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Alabama prison system said nitrogen hypoxia not ready

MONTGOMERY, Ala. (AP) — The Alabama prison system said Monday that it is not ready to carry out executions by nitrogen hypoxia despite a remark by the attorney general’s office suggesting the untested method could be used next month.

The Alabama Department of Corrections said the state has done many of the preparations, but it is not ready to use the untested execution method.

“The protocol for carrying out executions by this method is not yet complete. Once the nitrogen hypoxia protocol is complete, ADOC personnel will need sufficient time to be thoroughly trained before an execution can be conducted using this method,” the department said in an emailed response.

Corrections Commissioner John Hamm, speaking to reporters after a legislative committee meeting, referred questions about the protocol to the attorney general’s office. “You’d have to ask the AG’s office on the actual protocol,” Hamm said.

The attorney general’s office last week seemed to suggest the state was ready. The comment came in a court filing opposing efforts to block James Barber’s lethal injection next month. Lawyers for Barber argued the state has a history of problematic lethal injections and he should be allowed to choose execution by nitrogen hypoxia, a method the state has authorized but never used.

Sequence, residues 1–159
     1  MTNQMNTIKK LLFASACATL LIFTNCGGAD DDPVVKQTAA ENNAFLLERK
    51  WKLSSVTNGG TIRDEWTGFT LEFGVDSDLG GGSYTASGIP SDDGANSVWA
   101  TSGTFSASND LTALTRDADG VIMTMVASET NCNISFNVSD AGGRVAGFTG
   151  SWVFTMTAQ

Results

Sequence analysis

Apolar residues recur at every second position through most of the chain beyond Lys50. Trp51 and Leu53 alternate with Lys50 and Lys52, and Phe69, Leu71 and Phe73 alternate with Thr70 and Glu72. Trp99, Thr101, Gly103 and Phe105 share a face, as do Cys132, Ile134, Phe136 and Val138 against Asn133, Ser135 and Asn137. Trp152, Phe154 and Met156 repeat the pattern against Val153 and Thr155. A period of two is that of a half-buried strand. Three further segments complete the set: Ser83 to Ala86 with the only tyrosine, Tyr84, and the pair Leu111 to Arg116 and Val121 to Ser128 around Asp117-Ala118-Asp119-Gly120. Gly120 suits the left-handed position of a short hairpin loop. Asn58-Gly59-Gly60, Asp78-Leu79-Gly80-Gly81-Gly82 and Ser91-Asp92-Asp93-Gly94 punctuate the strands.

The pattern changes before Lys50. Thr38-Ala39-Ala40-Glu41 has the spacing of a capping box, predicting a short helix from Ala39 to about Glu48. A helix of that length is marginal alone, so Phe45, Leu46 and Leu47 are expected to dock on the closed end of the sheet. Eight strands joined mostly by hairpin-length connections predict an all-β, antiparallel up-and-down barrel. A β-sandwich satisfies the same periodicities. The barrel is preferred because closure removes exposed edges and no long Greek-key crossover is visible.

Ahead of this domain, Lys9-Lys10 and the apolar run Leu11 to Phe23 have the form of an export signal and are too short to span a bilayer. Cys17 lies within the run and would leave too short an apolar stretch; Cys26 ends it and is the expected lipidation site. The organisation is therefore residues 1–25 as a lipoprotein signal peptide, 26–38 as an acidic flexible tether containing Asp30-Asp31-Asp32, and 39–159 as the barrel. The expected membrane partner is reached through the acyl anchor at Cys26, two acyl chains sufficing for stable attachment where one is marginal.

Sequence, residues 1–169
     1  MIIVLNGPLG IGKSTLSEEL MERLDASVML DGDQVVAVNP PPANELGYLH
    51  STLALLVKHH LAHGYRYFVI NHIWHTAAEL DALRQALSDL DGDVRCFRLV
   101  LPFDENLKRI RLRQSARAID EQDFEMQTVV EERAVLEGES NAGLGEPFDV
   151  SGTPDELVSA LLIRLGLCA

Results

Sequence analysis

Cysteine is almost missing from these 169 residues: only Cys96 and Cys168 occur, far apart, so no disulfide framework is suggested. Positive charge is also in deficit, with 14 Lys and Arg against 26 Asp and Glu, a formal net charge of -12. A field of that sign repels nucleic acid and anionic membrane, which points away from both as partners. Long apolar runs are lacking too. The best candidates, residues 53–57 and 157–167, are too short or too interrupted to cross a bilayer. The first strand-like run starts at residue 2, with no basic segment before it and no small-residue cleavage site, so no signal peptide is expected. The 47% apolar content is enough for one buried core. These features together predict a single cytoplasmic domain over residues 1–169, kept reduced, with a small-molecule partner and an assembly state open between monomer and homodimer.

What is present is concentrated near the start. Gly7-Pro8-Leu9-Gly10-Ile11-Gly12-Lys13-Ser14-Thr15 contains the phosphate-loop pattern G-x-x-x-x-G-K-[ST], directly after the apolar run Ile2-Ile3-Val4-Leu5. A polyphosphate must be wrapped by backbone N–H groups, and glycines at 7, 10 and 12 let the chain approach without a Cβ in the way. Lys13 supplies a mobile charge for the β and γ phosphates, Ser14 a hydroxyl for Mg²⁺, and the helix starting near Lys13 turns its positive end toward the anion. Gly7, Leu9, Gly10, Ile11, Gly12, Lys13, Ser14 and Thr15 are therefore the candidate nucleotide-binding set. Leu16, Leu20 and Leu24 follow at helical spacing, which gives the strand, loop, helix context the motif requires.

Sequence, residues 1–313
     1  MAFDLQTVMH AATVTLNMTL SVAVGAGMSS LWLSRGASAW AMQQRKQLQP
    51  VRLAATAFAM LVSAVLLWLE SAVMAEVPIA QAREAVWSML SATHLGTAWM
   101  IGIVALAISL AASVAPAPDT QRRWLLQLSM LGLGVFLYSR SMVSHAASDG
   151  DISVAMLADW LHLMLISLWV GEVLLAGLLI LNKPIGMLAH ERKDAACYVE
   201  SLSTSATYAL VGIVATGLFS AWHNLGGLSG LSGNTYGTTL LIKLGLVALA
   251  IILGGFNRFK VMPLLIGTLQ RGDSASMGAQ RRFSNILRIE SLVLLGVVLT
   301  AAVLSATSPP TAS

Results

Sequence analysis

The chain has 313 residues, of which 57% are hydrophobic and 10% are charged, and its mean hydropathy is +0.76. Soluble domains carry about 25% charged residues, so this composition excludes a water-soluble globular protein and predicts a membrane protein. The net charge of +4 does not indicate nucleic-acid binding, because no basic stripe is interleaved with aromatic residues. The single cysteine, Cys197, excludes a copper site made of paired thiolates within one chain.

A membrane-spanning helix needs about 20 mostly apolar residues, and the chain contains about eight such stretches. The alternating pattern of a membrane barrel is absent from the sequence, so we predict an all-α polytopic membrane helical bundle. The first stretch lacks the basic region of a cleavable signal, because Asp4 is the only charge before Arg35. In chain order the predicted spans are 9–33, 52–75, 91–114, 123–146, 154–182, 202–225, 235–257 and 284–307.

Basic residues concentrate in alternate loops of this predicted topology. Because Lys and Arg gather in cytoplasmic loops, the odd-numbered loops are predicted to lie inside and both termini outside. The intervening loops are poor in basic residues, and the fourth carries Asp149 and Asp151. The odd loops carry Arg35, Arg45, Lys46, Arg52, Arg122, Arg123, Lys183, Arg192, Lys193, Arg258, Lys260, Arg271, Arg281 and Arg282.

“In this case, such an injunction should be limited in scope so as to permit Barber’s July 20, 2023, execution to be conducted by nitrogen hypoxia,” lawyers for the Alabama attorney general’s office wrote in the June 20 federal court filing.

The attorney general’s office did not respond to an email seeking comment. However, Barber’s lawyers said the attorney general’s office acknowledged in a Monday email that the “protocol has not been finalized.”

Nitrogen hypoxia is a proposed execution method in which death would be caused by forcing the inmate to breathe only nitrogen, thereby depriving him or her of the oxygen needed to maintain bodily functions. Alabama in 2018 became the third state — along with Oklahoma and Mississippi — to authorize the untested use of nitrogen gas to execute prisoners. No state has used nitrogen hypoxia to carry out a death sentence.

Barber was convicted of the 2001 beating death of 75-year-old Dorothy Epps. Prosecutors said Barber, a handyman who knew Epps’ daughter, confessed to killing Epps with a claw hammer and fleeing with her purse. Jurors voted 11-1 to recommend a death sentence which a judge imposed.

It is the first execution scheduled in the state as Alabama attempts to resume lethal injection following a series of troubled executions. Gov. Kay Ivey paused executions last year to conduct an internal review of procedures.

U.S. District Judge R. Austin Huffaker, Jr. last year ordered the state to disclose the status of nitrogen hypoxia after the attorney general’s office dangled the possibility of being ready to become the first state to attempt an execution with nitrogen hypoxia. The state later told the judge that the method was not yet finished.

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